By: Veronica Leighton
“Prost” is what the Germans would say whether you’re in a bar or off bar for Octoberfest and for German greeting, and “Mabuhay” is what the Filipinos would be exclaiming for the celebration of our History Month this October, and, of course, for the rest of the year in their salutary greetings.
Kicking off last October 3 at Alliance Francais on Chicago Avenue, the Filipino American History Month (FAHM) has exciting events for the commemoration of our history in this country since its passage in the U.S. Congress in 2009, and the calendar of events of all kinds of activities are filled up, to be culminated by the gala awards night of the Chicago Filipino Asian American Hall of Fame Silver Anniversary & Grand Reunion on November 9, 2019 at the Hyatt Regency O’Hare Rosemont.
As you can glean from our cover this month, we have 22 outstanding and distinguished Filipino Americans and Friends from around U.S. that we are saluting on our 25th annual dinner gala celebration on Nov. 9, 2019 at Hyatt Regency O’Hare Rosemont. We are proud to announce that our keynote speaker (and HOF awardee) is the Philippine Ambassador to the United States, Honorable Jose Manuel Romualdez. Read Veronica’s Vibes on page 5. Please follow up the inductees’ fascinating bios in inside pages 36 to 38.
Re-energized patriotism can be noticed in this historical celebration of our Filipino history that dates back as early as 1500’s. If someone would take a look at our history earnestly and trace our first ancestors’ landing in North America during the Manila-Acapulco Galleon Trade, and the first continental settlement of Filipinos (or Luzones Indios), in Morro Bay, California, we start imagining and feel thankful to our ancestors. This historical look-back made me seriously think, did our Filipino sailor ancestors “jumped ship” and were considered “illegal aliens” just like their modern counterparts these days? Please enjoy reading our Editorial (on this page) about our history written by Joe Mauricio and his column “Objectively Harsh” about the future of Filipino professionals in the U.S. on page 22. All in all, kudos to the Filipino American National Historical Society (FANHS) for researching, producing and disseminating a credible Filipino history, touching on their contributions and impacts in this country. Also, congratulations to the hardworking members of Philip-pine American Cultural Foundation (PACF) headed by Ruben Salazar and Adeline Fajardo and Filipino Young Leaders Program (FYLPRO), composed of young Filipino leaders who want to advance the Philippines and the Filipino people. Though generations apart, they see eye-toeye when it comes to serving and improving the communities that they live in.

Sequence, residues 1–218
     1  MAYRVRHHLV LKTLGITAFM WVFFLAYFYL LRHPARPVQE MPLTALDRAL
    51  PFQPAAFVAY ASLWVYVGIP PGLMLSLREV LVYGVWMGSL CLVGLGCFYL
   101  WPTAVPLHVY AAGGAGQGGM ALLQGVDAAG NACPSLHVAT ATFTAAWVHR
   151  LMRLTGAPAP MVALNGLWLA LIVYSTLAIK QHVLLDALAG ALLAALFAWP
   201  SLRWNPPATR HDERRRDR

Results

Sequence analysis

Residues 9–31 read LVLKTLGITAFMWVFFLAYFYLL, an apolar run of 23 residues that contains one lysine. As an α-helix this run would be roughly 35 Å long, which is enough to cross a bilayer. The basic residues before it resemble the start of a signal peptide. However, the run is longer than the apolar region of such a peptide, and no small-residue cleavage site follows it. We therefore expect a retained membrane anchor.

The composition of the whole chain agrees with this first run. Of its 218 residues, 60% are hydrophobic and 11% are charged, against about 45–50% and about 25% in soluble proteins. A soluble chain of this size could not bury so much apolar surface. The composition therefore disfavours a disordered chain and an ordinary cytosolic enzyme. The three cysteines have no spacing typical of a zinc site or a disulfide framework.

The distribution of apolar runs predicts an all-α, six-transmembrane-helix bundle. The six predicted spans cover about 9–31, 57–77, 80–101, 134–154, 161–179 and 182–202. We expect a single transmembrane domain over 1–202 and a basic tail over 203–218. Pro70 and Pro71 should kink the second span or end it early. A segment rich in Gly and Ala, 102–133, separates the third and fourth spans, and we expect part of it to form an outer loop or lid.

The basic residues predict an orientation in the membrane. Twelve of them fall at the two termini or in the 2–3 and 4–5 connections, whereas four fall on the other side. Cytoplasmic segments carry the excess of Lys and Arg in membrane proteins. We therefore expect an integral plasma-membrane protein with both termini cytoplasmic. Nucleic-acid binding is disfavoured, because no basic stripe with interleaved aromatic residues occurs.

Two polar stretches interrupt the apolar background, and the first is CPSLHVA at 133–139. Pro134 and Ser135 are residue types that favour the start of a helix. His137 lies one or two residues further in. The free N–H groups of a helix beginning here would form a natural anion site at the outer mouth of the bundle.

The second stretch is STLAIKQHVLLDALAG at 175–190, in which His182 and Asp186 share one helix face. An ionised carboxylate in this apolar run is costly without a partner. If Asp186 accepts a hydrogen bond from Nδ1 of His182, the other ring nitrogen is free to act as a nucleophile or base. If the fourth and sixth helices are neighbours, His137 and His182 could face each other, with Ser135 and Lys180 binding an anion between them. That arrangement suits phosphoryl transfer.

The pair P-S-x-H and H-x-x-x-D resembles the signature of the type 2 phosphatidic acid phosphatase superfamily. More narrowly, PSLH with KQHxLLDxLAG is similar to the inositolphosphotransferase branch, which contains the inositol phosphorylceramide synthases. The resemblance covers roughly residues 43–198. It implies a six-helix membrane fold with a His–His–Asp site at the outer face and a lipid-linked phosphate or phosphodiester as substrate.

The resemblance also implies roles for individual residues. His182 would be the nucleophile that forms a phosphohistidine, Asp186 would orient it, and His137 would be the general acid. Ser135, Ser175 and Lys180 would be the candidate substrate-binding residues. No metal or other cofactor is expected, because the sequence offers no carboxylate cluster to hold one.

I am personally thankful for being recognized as one of the three Visionary Women in the Chicago community, together with Ms. Estrella Alamar of FAHS and Ms. Adeline Fajardo of PACF for the commemoration of our history month. This is an initial community project that marks the 100th anniversary of the passage of the 19th Amendment that gave women to vote in 1919, and likewise for the FAHM’s recognition of the various Filipino women contributions from various U.S. communities in this modern age. Please read more exciting FAHM activities in Louella Cabalona’s column on pages 32-33. She also writes about a very interesting project for the first time in Chicago, the Filipino Restaurant Week.
Enjoy and love this VT, as usual, reading your favorite columnists’ articles and keep on nurturing our Filipino roots to add to this beautiful landscape of America.###